This summer, children living in Sector 6 of the Cañada Real (Europe’s largest shanty town, just a 15-minute drive from Madrid) were given disposable cameras by photographer Carlos Gutiérrez, who asked them to take pictures of their day-to-day lives. Over one month, 39 children took more than 450 photos between them. Gutiérrez collected the cameras and developed the films, and the secret world of the Cañada kids emerged before his eyes.
Smiley portraits of friends, stills of meals, candid shots of families and hot, arid landscapes are all taken just three or four feet off the ground by kids as young as six. What we can see is that life in the Cañada is tough, but between the harsh landscape, makeshift housing and burning rubbish, there are moments of fun and games.
Sector 6 of the Cañada Real is home to 1,211 children, many of whom are Roma. It’s the newest, largest and poorest sector of the 16-km shanty town. Growing up in the most notorious area in Madrid is a childhood you wouldn’t wish upon anyone, and it comes with strong stigmas that will stay with these children well into their adult lives. These kids were born underdogs and are on a trajectory to remain underdogs thanks to unfair stigmas placed upon them by the vast majority of Madrid’s residents.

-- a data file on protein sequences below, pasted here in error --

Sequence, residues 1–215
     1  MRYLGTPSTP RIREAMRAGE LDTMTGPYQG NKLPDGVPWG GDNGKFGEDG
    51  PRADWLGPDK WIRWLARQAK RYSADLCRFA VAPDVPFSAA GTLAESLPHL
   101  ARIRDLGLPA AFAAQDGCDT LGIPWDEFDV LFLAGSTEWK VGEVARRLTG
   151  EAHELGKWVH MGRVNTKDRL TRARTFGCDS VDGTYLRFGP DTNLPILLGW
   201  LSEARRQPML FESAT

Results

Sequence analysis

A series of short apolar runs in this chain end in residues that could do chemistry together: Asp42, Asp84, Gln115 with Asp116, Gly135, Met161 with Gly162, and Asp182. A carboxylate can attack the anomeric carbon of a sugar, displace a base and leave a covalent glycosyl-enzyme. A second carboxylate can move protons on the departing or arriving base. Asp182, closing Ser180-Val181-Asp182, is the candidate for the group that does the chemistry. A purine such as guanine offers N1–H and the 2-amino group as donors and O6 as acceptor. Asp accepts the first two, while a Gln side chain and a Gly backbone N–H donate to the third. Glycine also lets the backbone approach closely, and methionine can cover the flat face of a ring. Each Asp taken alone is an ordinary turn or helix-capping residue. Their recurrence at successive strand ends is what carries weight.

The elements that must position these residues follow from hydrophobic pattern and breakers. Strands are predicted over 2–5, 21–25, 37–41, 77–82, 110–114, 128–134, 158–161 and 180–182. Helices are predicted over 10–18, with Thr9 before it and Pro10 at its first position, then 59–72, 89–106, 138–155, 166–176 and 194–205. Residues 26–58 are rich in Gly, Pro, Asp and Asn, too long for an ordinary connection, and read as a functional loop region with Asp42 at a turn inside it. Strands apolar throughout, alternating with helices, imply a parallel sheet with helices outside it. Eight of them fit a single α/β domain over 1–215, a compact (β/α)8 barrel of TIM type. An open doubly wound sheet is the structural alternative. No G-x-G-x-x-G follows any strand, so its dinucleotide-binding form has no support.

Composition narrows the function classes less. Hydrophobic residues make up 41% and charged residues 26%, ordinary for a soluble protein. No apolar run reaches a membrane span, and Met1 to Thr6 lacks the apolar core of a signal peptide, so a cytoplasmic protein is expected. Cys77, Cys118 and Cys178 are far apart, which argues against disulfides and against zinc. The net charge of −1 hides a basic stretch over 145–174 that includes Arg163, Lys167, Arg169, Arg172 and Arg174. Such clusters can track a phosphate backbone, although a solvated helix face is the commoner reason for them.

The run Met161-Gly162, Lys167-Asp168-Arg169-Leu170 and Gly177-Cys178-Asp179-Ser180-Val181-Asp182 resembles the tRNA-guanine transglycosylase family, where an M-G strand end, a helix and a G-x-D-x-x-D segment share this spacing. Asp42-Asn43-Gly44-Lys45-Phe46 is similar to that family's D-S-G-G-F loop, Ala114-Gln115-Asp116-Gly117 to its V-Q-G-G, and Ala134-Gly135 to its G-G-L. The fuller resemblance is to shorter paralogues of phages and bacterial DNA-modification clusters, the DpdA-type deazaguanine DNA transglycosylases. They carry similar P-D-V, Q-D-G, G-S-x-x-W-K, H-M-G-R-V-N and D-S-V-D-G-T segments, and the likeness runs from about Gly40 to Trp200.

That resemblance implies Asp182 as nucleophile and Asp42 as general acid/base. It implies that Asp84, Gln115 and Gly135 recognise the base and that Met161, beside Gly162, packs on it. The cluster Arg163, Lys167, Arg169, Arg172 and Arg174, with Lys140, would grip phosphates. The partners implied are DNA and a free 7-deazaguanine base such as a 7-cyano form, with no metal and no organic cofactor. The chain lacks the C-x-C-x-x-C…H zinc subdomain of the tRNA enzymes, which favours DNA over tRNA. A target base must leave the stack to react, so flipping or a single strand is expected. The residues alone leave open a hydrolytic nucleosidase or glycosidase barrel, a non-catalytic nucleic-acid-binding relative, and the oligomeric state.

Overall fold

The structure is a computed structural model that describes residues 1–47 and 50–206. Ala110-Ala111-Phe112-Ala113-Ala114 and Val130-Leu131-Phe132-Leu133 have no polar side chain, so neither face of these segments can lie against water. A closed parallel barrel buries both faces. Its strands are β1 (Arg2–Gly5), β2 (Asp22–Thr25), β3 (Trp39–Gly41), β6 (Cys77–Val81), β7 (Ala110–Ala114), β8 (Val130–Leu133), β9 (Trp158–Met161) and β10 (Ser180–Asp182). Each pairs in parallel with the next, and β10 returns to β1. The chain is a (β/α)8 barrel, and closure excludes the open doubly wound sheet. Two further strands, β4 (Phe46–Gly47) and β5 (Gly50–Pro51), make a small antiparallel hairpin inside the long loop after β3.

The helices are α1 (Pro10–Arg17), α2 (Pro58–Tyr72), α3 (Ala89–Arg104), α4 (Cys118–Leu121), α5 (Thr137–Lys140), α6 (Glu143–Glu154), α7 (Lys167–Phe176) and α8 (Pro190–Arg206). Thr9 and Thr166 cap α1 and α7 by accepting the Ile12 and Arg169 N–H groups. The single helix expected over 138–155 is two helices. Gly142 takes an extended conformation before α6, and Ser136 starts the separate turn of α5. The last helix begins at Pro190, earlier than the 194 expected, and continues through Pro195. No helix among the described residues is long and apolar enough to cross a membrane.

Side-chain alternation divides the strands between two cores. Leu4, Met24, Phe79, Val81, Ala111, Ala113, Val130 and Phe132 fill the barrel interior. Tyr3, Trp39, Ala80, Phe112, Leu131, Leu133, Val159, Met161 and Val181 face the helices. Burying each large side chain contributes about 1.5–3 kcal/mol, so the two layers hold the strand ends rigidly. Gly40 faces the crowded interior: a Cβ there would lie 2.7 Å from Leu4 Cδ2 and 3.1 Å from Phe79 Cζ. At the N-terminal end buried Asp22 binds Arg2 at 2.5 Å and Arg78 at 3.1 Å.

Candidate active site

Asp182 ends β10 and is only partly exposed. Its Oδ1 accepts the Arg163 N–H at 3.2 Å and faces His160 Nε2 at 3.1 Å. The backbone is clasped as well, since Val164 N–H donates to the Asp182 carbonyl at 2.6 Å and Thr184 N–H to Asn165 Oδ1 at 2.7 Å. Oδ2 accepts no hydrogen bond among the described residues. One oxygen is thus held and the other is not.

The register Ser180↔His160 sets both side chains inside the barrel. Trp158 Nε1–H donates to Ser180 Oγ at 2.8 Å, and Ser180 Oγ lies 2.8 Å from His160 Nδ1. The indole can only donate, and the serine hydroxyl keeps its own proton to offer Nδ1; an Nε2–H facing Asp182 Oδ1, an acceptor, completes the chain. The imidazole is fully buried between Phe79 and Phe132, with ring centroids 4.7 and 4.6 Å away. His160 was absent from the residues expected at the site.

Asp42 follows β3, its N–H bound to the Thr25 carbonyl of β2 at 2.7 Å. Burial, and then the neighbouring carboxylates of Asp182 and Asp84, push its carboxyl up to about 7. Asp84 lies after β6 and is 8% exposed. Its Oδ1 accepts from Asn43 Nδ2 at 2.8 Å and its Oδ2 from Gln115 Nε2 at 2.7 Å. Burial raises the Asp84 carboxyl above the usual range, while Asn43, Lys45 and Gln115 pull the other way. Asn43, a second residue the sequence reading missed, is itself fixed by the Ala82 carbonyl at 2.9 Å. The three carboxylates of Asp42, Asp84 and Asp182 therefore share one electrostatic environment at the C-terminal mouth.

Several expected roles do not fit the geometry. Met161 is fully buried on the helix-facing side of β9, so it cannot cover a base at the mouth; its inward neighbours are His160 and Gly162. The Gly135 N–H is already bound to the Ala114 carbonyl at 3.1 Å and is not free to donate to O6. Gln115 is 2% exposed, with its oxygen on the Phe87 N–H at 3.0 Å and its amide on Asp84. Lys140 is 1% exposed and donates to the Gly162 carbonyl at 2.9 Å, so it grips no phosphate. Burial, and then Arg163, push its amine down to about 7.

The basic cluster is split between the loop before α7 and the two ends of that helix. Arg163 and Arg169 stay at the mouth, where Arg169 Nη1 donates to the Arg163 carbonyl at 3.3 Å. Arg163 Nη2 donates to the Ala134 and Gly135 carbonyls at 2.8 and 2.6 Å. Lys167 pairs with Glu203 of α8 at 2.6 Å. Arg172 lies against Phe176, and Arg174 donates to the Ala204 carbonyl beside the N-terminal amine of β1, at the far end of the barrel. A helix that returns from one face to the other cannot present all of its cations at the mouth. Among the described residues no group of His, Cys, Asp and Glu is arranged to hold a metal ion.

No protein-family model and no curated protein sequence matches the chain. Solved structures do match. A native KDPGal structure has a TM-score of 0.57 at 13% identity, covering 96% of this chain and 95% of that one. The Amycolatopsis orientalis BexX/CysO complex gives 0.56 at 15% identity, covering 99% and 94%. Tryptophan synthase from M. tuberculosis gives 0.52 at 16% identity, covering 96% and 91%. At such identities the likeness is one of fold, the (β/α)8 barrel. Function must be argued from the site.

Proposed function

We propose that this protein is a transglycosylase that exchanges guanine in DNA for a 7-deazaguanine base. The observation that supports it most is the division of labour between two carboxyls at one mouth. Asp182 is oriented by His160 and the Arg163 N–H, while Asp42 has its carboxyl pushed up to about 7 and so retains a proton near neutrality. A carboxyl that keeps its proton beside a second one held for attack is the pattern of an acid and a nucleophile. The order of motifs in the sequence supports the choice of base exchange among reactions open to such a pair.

But, this series of photographs hopes, for at least a moment, to steer the attention away from Sector 6’s notoriety and shine a warm light on the lives of the children living here. A community that has been misunderstood for decades is reaching out and wants you to look and listen.
Below, three children squeeze into two seats on a school bus. This bus is a lifeline for the Cañada kids, but it’s overly stretched and under-resourced. This route covers much of the 16km neighbourhood meaning the kids often turn up late to school – a telltale sign to their teachers and piers that they live in the Cañada, even though this is something many try to hide for fear of discrimination.
This photography project is called ‘Mi Mirada (my glance) – Cañada Real’, and I’m am honoured that Madrid No Frills is the first publication to publish these incredible photographs.
An exhibition of these photos can be found in La Fábrica de los Muebles, the social centre in Sector 6, adorning the walls of the corridors where the very children who took them pass.
THE POWER OF STORYTELLING
For the kids of the Cañada, the world they live in has been normalised. But, for us, it’s shocking. What these photographs do is tell a story – one that’s written in a language we all understand. By speaking to you clearly and concisely, the hope is that the message you’re receiving will continue to be transmitted through the simple act of sharing. Raising awareness of the problem is a step towards taking action – action that the government have “forgotten” to take for too long.
Share the secret lives of the Cañada kids, and their next photography project might look very different.
NEWLY DEVELOPED PHOTOGRAPHS
- Project by Asociación Barró and Carlos Gutiérrez @myviewproject
- Read my recent article, Welcome to the Cañada Real: Madrid’s forgotten barrio
- Read my recent article for the Guardian about the Cañada’s film festival